Article Title

Patients' experiences of subacute pain management following total hip or knee arthroplasty: A qualitative study


Background: Total hip and knee arthroplasties are common surgeries performed worldwide, but the management of pain during the subacute period (defined as hospital discharge to 3 months postoperatively) is poorly understood. This study aimed to determine patients' experiences, facilitators and barriers to subacute pain management following total hip or knee arthroplasty.

Methods: Semi-structured interviews with a purposive sample of patients following total hip or knee arthroplasty were conducted between June and August 2022. Participants were recruited from two tertiary metropolitan hospitals. Interviews were audio-recorded and transcribed verbatim. Data were analysed using an inductive thematic approach to identify common themes.

Results: In total, 30 interviews were conducted with patients following hip or knee arthroplasty. Four main themes were identified: (i) Physical constitution before surgery (joint condition, analgesic use, age, and hearing); (ii) Attitude and knowledge (motivation, outlook on life, attitude towards taking medications, individual benchmarking, and knowledge); (iii) Socio-ethno-cultural factors (family and community connection, language, and religion), and (iv) Health-system support (health-professional delivered education, medications, services, staff, and costs).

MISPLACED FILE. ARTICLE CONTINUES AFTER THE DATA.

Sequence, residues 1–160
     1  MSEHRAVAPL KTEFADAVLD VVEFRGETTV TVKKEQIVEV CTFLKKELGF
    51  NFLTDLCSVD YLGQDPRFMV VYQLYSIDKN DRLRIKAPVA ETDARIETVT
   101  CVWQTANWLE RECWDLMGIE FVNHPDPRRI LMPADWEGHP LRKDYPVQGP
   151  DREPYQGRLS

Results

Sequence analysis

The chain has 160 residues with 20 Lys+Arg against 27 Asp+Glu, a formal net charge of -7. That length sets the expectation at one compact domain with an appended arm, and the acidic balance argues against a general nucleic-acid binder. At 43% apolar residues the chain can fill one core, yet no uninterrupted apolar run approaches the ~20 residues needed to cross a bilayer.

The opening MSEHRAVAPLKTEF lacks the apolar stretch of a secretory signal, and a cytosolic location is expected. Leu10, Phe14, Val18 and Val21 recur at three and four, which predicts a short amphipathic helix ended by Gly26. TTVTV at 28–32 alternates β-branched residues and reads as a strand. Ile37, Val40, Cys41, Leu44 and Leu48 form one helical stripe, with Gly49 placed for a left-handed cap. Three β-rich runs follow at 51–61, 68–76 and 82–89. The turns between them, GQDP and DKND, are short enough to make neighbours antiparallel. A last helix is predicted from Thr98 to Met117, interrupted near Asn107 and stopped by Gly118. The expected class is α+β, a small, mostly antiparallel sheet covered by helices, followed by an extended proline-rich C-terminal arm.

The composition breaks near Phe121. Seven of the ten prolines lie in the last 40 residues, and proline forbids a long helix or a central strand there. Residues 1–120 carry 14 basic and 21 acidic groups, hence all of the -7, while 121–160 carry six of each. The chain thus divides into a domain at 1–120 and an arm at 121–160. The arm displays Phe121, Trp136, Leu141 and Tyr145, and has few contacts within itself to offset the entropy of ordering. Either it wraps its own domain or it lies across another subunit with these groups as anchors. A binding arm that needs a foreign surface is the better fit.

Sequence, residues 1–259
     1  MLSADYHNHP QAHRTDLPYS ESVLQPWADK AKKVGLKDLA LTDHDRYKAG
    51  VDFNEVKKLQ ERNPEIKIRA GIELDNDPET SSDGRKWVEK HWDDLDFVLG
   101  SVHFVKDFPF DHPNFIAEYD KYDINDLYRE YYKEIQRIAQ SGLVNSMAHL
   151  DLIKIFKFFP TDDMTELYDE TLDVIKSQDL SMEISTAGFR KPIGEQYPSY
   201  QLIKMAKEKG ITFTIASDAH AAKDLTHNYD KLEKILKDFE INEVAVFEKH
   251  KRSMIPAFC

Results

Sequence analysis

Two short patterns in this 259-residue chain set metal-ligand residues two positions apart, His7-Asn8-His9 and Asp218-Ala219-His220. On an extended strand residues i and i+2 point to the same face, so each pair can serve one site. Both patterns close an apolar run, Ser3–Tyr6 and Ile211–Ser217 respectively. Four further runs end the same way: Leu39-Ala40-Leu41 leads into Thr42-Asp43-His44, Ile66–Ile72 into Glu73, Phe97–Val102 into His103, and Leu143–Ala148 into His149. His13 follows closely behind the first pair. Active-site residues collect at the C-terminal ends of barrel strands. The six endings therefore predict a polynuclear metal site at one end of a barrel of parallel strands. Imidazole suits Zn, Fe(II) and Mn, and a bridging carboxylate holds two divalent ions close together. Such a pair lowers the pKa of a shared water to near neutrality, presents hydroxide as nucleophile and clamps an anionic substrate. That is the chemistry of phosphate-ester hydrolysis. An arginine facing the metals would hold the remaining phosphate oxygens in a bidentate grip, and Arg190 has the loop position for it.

Conclusions: Participants' experiences of subacute pain following hip or knee arthroplasty were shaped by multidimensional factors. Strategies to empower patients through increased education and support during postoperative opioid tapering as well as a shift to a biopsychosocial approach to pain management during the subacute period may improve patient and health-system outcomes.


arthroplasty, orthopaedic surgery, qualitative, subacute pain

Link to Publisher Version (URL)


This document is currently not available here.

Find in your library